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White Night 2014 – Whose night is it anyway?

By February 23, 2014Advice, News

Melbourne’s White Night is now in its second year, with over 550,000 people converging on the CBD. We experienced White Night; exploring Melbourne’s laneways, the Jazz concerts along Bourke Street, the multi-sensory Midden, acknowledging the Wurundjeri as our traditional owners of the land, as well as the effects on display in Alexandra Gardens. We definitely had an enjoyable evening, experiencing the artistic talent that was on display.

Flinders Street Melbourne

Flinders Street Melbourne

In terms of sheer numbers, White Night was clearly a success, building on the 300,000 that attended the inaugural event last year. But did it achieve its aims?

The purpose of Melbourne’s White Night was to encourage people to engage with the arts. This was achieved on the night itself, with people viewing the displays, but how deep is this engagement and will it continue after the event?

The atmosphere of the 2014 White Night was different to the inaugural year. Anecdotally, we saw many attendees viewing this year as a night out, rather than an opportunity to experience art.

Understanding the purpose of an event, allows us to consider how success can be measured. If the aim is to encourage ongoing engagement, then attendance numbers for the event itself is not going to give us an accurate answer. Instead, there is a need to consider whether someone is more likely to attend art events in the future, and to see whether this intent follows through with action.

Midden

Midden

It would appear that White Night, has become a festival with an art component, rather than an arts festival. Most telling, was the lack of information of Melbourne’s established art facilities on the White Night Program or website.

Surely if the intent is to continue engagement, then existing venues, from the National Gallery through to independent art theaters should be highlighted. While art centres, were prominent in last year’s event, they were hardly a feature in this year’s White Night.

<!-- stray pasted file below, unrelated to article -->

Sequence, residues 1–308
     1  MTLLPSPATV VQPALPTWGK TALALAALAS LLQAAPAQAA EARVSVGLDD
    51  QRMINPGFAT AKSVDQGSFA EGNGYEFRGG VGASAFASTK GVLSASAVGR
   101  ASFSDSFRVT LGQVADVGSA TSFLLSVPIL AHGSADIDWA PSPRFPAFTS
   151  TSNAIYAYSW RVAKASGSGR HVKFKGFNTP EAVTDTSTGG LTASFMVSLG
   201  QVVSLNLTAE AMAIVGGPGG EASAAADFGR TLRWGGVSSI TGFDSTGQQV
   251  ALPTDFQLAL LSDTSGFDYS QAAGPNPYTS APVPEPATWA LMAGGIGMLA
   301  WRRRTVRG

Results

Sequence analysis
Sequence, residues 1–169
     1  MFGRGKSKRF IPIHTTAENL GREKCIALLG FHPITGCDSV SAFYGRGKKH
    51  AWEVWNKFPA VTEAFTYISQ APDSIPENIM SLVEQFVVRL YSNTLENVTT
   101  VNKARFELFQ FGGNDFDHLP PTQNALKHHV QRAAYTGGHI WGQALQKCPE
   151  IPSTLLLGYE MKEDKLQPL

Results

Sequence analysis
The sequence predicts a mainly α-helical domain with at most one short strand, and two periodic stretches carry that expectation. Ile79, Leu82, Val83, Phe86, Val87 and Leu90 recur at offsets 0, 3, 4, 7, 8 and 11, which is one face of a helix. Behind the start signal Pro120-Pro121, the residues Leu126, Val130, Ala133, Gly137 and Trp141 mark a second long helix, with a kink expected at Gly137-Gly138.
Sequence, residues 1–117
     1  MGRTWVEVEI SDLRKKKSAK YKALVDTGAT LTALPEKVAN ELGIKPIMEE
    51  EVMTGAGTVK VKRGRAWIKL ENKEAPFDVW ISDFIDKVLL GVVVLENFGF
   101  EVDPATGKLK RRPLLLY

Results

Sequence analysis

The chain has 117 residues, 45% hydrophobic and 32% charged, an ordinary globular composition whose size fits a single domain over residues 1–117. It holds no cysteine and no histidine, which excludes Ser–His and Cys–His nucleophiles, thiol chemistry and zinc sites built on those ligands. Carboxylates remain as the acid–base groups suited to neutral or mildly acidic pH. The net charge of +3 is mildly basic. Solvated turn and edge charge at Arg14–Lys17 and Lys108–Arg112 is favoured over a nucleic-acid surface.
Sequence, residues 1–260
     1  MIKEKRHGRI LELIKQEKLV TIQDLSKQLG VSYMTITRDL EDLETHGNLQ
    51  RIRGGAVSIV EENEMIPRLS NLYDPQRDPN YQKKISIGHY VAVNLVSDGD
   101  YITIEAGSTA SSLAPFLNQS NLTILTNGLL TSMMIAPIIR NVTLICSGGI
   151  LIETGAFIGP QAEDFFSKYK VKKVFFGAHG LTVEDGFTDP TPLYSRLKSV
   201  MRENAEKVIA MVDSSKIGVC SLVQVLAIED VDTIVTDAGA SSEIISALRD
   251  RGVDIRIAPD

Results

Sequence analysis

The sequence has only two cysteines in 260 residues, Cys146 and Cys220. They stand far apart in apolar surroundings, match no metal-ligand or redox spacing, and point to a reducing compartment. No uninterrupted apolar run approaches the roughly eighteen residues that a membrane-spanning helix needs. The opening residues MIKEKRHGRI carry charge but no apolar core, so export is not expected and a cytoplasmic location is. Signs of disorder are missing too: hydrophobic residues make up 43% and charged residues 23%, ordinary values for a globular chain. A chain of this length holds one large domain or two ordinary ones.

While there were definite positives, and the attendance numbers clearly form a great headline, there is a need to understand the core purpose of the event. It is important to remember that an event is a marketing tool and its effectiveness needs to be measured to ensure it achieves its aims.

The numbers alone do not tell the full story, how many of the attendees to White Night will increase their participation with the arts?

Alex Makin

Author Alex Makin

In a career spanning over fifteen years, Alex has been instrumental in transforming, reinvigorating and growing the capacity of businesses and not-for-profit organisations. He is a visionary who understands the big picture. Alex's expertise is a Certified Practising Marketer and as Chair of the Victorian State Council of the Australian Marketing Institute. Alex is also an accomplished speaker, author and mentor and former Mayor and Councillor for the City of Maroondah.

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Join the discussion 2 Comments

  • Julie Tang says:

    Hi Alex, really enjoyed your article on White Night.

    • Alex Makin says:

      Thanks Julie, thought it raised some interesting questions particularly around metrics. It is hard to provide an assessment on impact unless we know what we are measuring and understand how to measure it.

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